Review - Red Dwarf
“Everybody’s dead. Everybody is dead, Dave.” - Holly
Red Dwarf is a British scifi comedy that aired in 1988.
Dave Lister wakes up to find that the short stasis he was supposed to have has instead lasted 3 million years. The entire crew was exposed to a deadly scenario, and Dave is the only survivor. To try to prevent Dave from getting lonely, the computer generates a hologram of the person that Dave spent the most time with, his annoying colleague Arnold Rimmer. Dave is also joined by Cat, a human-form creature that evolved from Dave’s cat, and later Kryton, a sentient android.
Together they begin the long journey back to Earth, made even longer by the fact that the computer is so old it has gotten lost and has no idea where Earth is.
Red Dwarf is absurdist humour that doesn’t work if you ask too many questions about plot setups. For instance, how is it that a race of humanoid cats could evolve from a single litter in 3 million years? Don’t ask. In one episode the monster is a sentient vindaloo. Red Dwarf is a very soft scifi, but where it may not be consistent with physics, it is internally consistent. No matter how absurd a circumstance is, the episode treats it as a credible threat. The setups may be absurd, but the payoffs aren’t.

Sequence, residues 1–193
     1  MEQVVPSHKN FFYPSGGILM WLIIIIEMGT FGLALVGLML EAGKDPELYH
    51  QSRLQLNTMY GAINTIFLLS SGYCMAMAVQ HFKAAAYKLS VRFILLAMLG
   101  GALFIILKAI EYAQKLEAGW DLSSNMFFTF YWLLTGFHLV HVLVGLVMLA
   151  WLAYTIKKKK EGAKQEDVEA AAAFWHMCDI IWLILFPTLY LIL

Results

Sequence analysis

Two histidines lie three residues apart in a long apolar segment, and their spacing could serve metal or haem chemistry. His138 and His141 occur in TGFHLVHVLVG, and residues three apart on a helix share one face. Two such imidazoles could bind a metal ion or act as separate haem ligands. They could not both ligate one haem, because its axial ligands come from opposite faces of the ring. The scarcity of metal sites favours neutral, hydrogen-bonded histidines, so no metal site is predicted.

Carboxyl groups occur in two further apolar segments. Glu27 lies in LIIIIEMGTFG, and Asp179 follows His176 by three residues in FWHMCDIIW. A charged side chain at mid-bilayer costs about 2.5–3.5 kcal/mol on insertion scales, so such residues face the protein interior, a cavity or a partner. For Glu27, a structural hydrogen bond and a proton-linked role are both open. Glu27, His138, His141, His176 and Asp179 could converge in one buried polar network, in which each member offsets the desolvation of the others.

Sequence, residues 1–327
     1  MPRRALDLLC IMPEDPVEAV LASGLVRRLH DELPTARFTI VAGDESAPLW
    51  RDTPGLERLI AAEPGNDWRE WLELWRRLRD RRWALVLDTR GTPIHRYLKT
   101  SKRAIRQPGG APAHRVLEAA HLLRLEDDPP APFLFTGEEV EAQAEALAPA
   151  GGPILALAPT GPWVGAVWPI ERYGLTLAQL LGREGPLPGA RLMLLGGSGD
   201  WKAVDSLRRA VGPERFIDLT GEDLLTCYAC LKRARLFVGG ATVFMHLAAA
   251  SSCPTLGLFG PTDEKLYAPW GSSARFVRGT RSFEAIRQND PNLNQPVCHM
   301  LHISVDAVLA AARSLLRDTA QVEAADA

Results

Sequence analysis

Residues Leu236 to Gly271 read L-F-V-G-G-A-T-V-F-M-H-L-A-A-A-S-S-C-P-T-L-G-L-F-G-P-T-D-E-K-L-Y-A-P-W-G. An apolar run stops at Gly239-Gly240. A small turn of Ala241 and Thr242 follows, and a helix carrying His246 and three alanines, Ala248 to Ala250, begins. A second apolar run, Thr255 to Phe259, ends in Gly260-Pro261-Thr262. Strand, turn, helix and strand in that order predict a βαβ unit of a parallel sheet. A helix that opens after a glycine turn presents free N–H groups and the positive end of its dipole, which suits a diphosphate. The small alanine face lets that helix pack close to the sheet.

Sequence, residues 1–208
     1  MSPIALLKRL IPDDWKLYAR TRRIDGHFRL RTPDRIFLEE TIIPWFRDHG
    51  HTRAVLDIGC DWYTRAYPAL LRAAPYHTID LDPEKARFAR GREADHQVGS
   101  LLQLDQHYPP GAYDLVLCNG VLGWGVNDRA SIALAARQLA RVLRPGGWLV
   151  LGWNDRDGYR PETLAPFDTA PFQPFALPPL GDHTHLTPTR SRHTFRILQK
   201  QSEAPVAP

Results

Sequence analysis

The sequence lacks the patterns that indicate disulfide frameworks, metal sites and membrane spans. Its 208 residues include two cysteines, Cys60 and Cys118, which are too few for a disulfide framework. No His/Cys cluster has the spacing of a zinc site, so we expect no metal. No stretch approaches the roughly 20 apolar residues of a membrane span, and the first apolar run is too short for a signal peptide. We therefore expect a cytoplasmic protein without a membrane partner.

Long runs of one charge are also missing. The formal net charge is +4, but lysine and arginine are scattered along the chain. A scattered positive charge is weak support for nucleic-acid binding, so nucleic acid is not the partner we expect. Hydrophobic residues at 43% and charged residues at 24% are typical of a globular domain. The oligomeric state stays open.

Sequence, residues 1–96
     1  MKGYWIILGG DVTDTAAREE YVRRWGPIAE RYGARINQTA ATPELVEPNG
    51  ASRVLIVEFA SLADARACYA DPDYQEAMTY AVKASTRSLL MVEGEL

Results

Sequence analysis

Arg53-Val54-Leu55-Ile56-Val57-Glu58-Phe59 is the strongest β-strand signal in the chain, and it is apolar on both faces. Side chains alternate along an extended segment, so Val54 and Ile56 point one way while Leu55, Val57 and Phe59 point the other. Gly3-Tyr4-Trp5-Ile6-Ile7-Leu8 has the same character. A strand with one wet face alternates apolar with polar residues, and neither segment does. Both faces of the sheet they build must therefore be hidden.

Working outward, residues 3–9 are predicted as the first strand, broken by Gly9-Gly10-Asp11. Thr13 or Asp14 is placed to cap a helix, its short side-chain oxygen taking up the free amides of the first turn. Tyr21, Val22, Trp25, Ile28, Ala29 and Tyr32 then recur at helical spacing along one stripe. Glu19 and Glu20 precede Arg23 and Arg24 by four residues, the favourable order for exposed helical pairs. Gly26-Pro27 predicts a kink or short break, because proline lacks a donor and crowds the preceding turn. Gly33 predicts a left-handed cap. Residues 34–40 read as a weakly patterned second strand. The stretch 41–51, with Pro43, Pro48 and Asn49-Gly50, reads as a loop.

Through character development, the show explores many topics beyond simple scifi tropes, and it’s easy to see why the show has sustained a cult following for 30+ years. Exploring character failings and deconstructing scifi tropes, Red Dwarf fits perfectly alongside scifi comedies of today like The Orville and Avenue 5. However, comparing these double and single season runs against Red Dwarf’s original run, and several resurgences are not like for like. Red Dwarf pioneered scifi humour and showed that it could be funny and silly.
The performances from Craig Charles, Chris Barrie, Danny John-Jules, and Robert Llewellyn make Red Dwarf the success that it is. Mostly silly as they run around facing the crazy things before them, the episodes that require a more dramatic tone hit even harder because of the juxtaposition. Red Dwarf is a crazy ride that will give you a good belly laugh.
Red Dwarf is a must-see for any scifi nerd.